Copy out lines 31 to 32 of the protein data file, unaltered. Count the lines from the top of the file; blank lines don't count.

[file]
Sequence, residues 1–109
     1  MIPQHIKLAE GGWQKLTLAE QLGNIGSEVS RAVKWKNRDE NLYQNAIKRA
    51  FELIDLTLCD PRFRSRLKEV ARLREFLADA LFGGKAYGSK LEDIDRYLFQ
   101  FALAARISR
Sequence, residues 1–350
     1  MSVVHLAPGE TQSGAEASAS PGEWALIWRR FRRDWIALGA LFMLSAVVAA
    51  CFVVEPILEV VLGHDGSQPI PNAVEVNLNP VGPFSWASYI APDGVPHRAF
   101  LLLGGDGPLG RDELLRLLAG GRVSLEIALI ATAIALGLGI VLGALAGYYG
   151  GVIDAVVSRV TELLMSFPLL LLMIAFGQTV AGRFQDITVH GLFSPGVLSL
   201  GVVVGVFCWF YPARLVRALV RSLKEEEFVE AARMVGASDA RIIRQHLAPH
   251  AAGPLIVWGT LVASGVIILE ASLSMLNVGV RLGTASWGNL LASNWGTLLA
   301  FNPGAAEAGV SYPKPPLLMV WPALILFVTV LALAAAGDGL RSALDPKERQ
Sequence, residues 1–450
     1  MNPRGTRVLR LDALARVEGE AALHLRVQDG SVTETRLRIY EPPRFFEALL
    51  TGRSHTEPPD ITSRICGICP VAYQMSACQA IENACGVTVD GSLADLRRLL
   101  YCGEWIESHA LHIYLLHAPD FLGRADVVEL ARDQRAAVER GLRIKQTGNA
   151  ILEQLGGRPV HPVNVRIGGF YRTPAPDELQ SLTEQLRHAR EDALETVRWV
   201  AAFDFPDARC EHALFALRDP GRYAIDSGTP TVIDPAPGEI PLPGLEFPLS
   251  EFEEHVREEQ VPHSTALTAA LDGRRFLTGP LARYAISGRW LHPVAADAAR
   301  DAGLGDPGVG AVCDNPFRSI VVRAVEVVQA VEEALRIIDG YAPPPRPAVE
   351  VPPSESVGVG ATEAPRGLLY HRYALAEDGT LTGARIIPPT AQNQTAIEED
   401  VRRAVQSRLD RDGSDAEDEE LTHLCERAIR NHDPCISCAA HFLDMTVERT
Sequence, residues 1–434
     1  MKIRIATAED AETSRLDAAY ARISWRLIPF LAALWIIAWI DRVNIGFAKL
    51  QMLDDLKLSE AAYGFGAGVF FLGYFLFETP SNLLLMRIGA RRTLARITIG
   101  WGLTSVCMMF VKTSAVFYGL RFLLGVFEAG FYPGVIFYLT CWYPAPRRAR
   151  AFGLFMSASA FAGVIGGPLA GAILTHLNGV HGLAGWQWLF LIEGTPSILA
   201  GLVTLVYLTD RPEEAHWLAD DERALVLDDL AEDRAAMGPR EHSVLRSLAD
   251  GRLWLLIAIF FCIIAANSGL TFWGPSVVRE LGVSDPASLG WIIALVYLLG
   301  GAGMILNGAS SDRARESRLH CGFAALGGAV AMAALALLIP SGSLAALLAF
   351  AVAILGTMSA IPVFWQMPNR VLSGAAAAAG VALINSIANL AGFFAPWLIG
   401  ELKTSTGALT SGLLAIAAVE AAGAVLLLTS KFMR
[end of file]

   351  AVAILGTMSA IPVFWQMPNR VLSGAAAAAG VALINSIANL AGFFAPWLIG
   401  ELKTSTGALT SGLLAIAAVE AAGAVLLLTS KFMR